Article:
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      Clinical characteristics of imported and second-generation coronavirus disease 2019 (COVID-19) cases in Shaanxi outside Wuhan, China: a multicentre retrospective study

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          Abstract

          The mortality of coronavirus disease 2019 (COVID-19) differs between countries and regions. This study aimed to clarify the clinical characteristics of imported and second-generation cases in Shaanxi. This study included 134 COVID-19 cases in Shaanxi outside Wuhan. Clinical data were compared between severe and non-severe cases. We further profiled the dynamic laboratory findings of some patients. In total, 34.3% of the 134 patients were severe cases, 11.2% had complications. As of 7 March 2020, 91.8% patients were discharged and one patient (0.7%) died. Age, lymphocyte count, C-reactive protein, erythrocyte sedimentation rate, direct bilirubin, lactate dehydrogenase and hydroxybutyrate dehydrogenase showed difference between severe and no-severe cases (all P < 0.05). Baseline lymphocyte count was higher in survived patients than in non-survivor case, and it increased as the condition improved, but declined sharply when death occurred. The interleukin-6 (IL-6) level displayed a downtrend in survivors, but rose very high in the death case. Pulmonary fibrosis was found on later chest computed tomography images in 51.5% of the pneumonia cases. Imported and second-generation cases outside Wuhan had a better prognosis than initial cases in Wuhan. Lymphocyte count and IL-6 level could be used for evaluating prognosis. Pulmonary fibrosis as the sequelae of COVID-19 should be taken into account.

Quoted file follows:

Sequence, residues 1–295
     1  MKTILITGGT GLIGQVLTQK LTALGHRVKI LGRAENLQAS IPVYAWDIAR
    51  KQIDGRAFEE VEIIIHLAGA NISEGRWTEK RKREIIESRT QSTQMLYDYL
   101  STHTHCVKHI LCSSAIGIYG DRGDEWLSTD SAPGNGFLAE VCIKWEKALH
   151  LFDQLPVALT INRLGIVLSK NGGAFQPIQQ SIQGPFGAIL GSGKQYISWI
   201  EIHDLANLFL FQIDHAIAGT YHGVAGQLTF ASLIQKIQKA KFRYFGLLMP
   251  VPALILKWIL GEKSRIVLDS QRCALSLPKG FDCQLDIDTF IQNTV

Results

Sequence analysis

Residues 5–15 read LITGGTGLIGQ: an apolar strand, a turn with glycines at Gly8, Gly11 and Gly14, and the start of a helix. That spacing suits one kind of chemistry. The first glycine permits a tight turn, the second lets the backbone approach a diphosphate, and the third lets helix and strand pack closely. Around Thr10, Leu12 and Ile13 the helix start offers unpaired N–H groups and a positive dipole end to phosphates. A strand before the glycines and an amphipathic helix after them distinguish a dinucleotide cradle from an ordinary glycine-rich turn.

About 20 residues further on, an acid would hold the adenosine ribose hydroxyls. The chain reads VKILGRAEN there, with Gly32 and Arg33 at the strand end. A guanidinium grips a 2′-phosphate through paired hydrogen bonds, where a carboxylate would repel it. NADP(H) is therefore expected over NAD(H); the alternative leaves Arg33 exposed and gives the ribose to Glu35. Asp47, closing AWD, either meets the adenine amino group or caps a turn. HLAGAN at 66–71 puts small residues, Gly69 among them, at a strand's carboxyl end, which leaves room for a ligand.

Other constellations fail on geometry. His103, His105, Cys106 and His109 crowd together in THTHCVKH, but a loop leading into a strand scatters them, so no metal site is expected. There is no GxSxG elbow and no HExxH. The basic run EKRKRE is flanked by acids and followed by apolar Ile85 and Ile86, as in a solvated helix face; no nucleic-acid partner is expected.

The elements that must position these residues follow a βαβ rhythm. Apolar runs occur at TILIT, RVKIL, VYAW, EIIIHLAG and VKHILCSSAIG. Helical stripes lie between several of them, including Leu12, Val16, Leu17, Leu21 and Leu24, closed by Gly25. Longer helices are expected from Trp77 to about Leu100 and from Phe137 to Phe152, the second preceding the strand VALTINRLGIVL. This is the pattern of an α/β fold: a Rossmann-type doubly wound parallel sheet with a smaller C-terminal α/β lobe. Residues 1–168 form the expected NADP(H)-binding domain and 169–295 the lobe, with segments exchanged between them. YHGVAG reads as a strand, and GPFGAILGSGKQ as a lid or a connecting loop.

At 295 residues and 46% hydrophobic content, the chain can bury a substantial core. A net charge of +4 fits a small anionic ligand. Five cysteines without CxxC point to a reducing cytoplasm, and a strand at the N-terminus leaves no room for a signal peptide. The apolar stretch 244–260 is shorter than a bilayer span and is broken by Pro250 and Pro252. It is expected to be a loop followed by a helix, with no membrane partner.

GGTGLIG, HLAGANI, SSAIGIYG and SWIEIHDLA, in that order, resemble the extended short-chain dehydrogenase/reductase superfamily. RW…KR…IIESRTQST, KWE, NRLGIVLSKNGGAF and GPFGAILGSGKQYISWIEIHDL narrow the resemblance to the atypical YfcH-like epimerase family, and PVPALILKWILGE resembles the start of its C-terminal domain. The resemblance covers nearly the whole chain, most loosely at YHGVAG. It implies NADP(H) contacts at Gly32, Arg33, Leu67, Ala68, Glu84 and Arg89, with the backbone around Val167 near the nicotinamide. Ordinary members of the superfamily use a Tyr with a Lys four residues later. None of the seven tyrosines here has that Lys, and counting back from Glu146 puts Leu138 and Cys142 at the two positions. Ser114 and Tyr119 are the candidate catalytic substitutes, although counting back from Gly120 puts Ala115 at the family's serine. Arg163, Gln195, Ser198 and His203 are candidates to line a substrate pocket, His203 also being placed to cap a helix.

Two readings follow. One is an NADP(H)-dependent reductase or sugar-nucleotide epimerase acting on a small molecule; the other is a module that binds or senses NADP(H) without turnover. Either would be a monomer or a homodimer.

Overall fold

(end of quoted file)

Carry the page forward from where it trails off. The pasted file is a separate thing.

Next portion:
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          Most cited references 11

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          A Trial of Lopinavir–Ritonavir in Adults Hospitalized with Severe Covid-19

          Abstract Background No therapeutics have yet been proven effective for the treatment of severe illness caused by SARS-CoV-2. Methods We conducted a randomized, controlled, open-label trial involving hospitalized adult patients with confirmed SARS-CoV-2 infection, which causes the respiratory illness Covid-19, and an oxygen saturation (Sao 2) of 94% or less while they were breathing ambient air or a ratio of the partial pressure of oxygen (Pao 2) to the fraction of inspired oxygen (Fio 2) of less than 300 mm Hg. Patients were randomly assigned in a 1:1 ratio to receive either lopinavir–ritonavir (400 mg and 100 mg, respectively) twice a day for 14 days, in addition to standard care, or standard care alone. The primary end point was the time to clinical improvement, defined as the time from randomization to either an improvement of two points on a seven-category ordinal scale or discharge from the hospital, whichever came first. Results A total of 199 patients with laboratory-confirmed SARS-CoV-2 infection underwent randomization; 99 were assigned to the lopinavir–ritonavir group, and 100 to the standard-care group. Treatment with lopinavir–ritonavir was not associated with a difference from standard care in the time to clinical improvement (hazard ratio for clinical improvement, 1.24; 95% confidence interval [CI], 0.90 to 1.72). Mortality at 28 days was similar in the lopinavir–ritonavir group and the standard-care group (19.2% vs. 25.0%; difference, −5.8 percentage points; 95% CI, −17.3 to 5.7). The percentages of patients with detectable viral RNA at various time points were similar. In a modified intention-to-treat analysis, lopinavir–ritonavir led to a median time to clinical improvement that was shorter by 1 day than that observed with standard care (hazard ratio, 1.39; 95% CI, 1.00 to 1.91). Gastrointestinal adverse events were more common in the lopinavir–ritonavir group, but serious adverse events were more common in the standard-care group. Lopinavir–ritonavir treatment was stopped early in 13 patients (13.8%) because of adverse events. Conclusions In hospitalized adult patients with severe Covid-19, no benefit was observed with lopinavir–ritonavir treatment beyond standard care. Future trials in patients with severe illness may help to confirm or exclude the possibility of a treatment benefit. (Funded by Major Projects of National Science and Technology on New Drug Creation and Development and others; Chinese Clinical Trial Register number, ChiCTR2000029308.)
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            A Review of Coronavirus Disease-2019 (COVID-19)

             Tanu Singhal (2020)